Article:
how to: make the best beans…ever!

Seeing as Memorial Day weekend marks the official start of summer, I thought today would be an appropriate time to share my favorite recipe for toting along to barbecues and potlucks: Susan Crawford’s “Best Beans…Ever!” This gem of a recipe’s been in my possession for 11 years now, passed on to me by Susan Crawford, mom to one of my dear high school friends, Jane. In the decade-plus since high school graduation (!!!), I’ve brought this dish to more barbecues than I can count, and it always nets mad compliments. Enough rambling though…here’s how to make it yourself.


1 lb. ground beef (or a little more), browned & drained
1 lb. bacon, browned & drained
1 large and 1 small can Busch’s Baked Beans (don’t drain)
1 can great northern beans (rinsed and drained)
1 can butter beans (don’t drain)
1 can spicy chili beans (don’t drain)
1 cup brown sugar
1 envelope Lipton Onion soup mix
1 cup barbecue sauce


Stir all ingredients together and bake at 350° (or 325°) for 1-1/2 hours, stirring occasionally.

So. Super. Easy.

Here’s what it looks like before baking.

In truth, it doesn’t look that much different when it’s done. I haven’t fiddled with the recipe much, seeing as it’s pretty perfect as is, BUT, I do want to give The Pioneer Woman’s bacon-topping technique a try on them some time. Bacon on top, bacon on the inside…bacon, bacon, bacon, bacon, bacon.

If you give this recipe a whirl over the course of the summer, please do tell me what you think!



how to: make crepe paper bunting

It seems like before any of our Mighty Swell sales, Rae and I are always finishing something up at the 11th hour. Take, for example, this bunting, which Rae whipped up out of leftover crepe paper that was lying around from our sneak peek photo shoot. I’m pretty sure our first customers were walking through the door while Rae was finishing up hanging it! Since we raked in a ton of compliments on it over the course of the weekend, I thought I’d have Rae share the how-to so you can make your own. It’d be a cute addition to any shower, birthday party or backyard barbecue, right?

“What do you do with a lot of extra crepe paper from a photo backdrop? Make a bunting to hang in the windows, of course. This simple decor came together in a snap, and the crepe paper looks lovely when light shines through it.”—Rae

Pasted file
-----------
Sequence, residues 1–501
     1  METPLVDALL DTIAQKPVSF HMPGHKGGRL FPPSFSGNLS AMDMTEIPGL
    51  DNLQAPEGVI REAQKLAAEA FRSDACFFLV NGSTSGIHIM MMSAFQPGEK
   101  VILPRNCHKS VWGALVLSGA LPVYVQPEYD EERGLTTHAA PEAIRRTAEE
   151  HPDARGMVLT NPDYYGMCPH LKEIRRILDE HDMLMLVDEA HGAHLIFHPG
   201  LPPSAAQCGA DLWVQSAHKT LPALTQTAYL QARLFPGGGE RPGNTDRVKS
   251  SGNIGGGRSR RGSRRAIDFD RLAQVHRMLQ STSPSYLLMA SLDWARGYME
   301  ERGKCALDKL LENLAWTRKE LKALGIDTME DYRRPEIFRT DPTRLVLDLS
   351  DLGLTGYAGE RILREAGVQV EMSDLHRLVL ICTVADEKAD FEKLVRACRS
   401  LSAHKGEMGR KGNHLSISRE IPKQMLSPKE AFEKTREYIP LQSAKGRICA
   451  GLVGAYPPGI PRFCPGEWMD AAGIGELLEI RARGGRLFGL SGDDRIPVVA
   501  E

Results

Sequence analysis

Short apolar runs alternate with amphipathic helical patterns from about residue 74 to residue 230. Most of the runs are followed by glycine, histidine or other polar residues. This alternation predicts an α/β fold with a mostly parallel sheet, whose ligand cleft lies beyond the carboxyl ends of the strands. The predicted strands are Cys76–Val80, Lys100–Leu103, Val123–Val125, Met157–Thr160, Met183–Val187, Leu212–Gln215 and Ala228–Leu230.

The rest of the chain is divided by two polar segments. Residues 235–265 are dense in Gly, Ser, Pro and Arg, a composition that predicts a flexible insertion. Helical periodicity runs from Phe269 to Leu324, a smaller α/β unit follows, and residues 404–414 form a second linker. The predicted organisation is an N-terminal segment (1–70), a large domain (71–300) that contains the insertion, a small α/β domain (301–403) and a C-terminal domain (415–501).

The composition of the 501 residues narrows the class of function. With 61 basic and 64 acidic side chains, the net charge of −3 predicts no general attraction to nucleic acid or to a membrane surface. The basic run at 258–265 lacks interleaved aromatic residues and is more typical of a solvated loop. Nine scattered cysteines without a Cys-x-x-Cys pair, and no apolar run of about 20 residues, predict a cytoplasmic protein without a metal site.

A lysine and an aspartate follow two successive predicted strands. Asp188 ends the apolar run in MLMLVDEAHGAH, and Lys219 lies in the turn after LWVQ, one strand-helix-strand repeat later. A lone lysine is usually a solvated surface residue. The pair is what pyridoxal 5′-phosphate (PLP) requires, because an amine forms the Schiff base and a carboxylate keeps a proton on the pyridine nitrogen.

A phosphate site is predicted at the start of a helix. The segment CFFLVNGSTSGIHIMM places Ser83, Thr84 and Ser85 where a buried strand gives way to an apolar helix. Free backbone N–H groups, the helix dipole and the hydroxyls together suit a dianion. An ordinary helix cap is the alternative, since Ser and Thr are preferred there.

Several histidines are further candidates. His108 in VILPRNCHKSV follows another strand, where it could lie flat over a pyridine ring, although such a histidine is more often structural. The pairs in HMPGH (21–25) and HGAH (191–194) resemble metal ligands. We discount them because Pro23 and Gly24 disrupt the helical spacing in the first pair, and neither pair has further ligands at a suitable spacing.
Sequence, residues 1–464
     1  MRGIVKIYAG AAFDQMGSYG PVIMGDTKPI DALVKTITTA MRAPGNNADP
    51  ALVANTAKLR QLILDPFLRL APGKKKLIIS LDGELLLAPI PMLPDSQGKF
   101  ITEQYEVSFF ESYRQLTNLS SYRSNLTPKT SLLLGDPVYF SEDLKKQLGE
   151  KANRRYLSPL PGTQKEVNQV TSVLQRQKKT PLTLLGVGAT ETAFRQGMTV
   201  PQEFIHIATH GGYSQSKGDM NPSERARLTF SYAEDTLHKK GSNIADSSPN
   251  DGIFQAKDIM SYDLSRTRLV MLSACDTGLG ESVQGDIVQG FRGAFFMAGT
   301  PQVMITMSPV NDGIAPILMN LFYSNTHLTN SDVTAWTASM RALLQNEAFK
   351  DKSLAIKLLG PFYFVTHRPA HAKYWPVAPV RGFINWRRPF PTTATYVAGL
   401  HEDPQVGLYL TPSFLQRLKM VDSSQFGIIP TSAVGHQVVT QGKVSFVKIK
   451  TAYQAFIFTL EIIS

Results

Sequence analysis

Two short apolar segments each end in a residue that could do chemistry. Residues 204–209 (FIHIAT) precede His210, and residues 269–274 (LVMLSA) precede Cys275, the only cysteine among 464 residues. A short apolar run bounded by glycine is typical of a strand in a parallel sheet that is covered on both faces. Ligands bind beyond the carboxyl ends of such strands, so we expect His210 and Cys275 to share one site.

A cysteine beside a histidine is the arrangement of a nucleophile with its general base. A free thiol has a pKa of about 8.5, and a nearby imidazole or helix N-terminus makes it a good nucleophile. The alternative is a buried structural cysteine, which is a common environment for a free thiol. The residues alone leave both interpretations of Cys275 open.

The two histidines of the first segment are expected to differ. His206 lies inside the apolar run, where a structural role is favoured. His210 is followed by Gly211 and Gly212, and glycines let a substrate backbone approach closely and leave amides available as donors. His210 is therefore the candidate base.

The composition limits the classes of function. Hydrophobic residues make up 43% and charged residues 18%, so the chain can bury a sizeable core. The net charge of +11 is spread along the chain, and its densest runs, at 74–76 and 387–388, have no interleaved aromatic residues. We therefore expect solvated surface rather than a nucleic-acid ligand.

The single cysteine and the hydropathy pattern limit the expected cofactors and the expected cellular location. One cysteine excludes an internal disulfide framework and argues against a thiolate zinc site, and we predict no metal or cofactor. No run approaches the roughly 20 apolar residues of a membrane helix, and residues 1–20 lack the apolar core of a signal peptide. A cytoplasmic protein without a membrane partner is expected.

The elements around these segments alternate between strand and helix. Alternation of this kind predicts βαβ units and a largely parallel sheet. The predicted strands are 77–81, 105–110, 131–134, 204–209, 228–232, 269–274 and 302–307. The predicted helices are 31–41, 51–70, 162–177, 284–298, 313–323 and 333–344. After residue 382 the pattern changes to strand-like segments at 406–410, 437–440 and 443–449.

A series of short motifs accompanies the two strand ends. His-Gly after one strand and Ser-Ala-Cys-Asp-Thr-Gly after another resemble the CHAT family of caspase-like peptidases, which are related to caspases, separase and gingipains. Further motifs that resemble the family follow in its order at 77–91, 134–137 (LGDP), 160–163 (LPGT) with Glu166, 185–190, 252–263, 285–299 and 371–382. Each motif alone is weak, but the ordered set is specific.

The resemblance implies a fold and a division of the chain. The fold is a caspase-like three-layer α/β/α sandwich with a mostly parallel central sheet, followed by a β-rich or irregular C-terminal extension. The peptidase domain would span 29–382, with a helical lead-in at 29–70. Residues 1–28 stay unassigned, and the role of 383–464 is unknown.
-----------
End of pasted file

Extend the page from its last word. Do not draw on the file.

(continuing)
Rolls of crepe paper in several complementary colors—we ordered ours through Papermart.
Yarn (we used white)
A stapler and staples
A pair of scissors


1. Cut a 2-foot long piece of paper off of the roll and fold it in half length-wise. Cut down the fold, so now you have two pieces. Fold both of the pieces in half and lay them on top of each other. Now cut those pieces into 3-inch strips. Since I wasn’t measuring (and was in a hurry) my pieces were quite irregular, but I think this added to the charm of the bunting! Repeat with remaining colors so you have piles of strips in every color.

2. Grab your yarn and stapler and start making magic! Cut a piece of yarn the length you want your bunting to be. Slip a strip over the yarn and staple just under the yarn (this way your buntings can be moved and spaced out. If you want them fixed, staple your folded-over strip right onto the yarn.). Repeat with alternating colors and voila—you’re done!

Many thanks to Rae for walking us through it step-by-easy-step!



P.S. Yesterday was a happy day for Karissah, winner of the Girls Got Rhythm fest ticket giveaway. There’s still time to get your tickets online; a limited number will be available at the door tonight and tomorrow.

how to: plan a thriftcation

I’m heading out on a weekend-long road trip with my beau tomorrow and I’ve got to be honest—instead of thinking about the fancy condo waitin’ for us (there’s a fireplace!) or all the fun things we’ll do and see, I’ve been busy daydreaming about the thrifts we’ll be hitting on the way! It’s a cheap, addictive thrill, exploring out-of-town thrift stores. But in order to maximize your time and not miss any gems, there’s a fair amount of preparation to do before you hit the road. Since this topic’s fresh on my mind, tonight I thought I’d quickly share a few do’s and don’ts for thriftcation planning.


Ask around. Before I embark on any significant thrifting trip, I ask friends and acquaintances familiar with my destination for their suggestions. Don’t know anyone where you’re headed? That’s what Twitter is for! Another trick: Once you’re shopping around a small town thrift, ask an employee if there are any other stores in the area. More often than not, they’ll have great suggestions for you.

Do map out your route. Look to see what towns are on the way, and then look up to see what stores are easy to access from the highway. I have three must-stop-spots  between Minneapolis and my hometown that are within a painless five minutes of I-94. It just seems silly not to pop in when they’re right there!

Do update your apps. My most recent happy app discovery is the FREE Craigslist app. You can find details about the other iPhone apps I rely on when I’m out thrifting here.

Do keep your eyes open. Tons of estate sales, flea markets, garage sales and thrift store listings never find their way to the great world wide web. Gas-station signs, church bulletin boards, fliers on a telephone pole, ads in a community newspaper, sandwich board signs—look out for them all!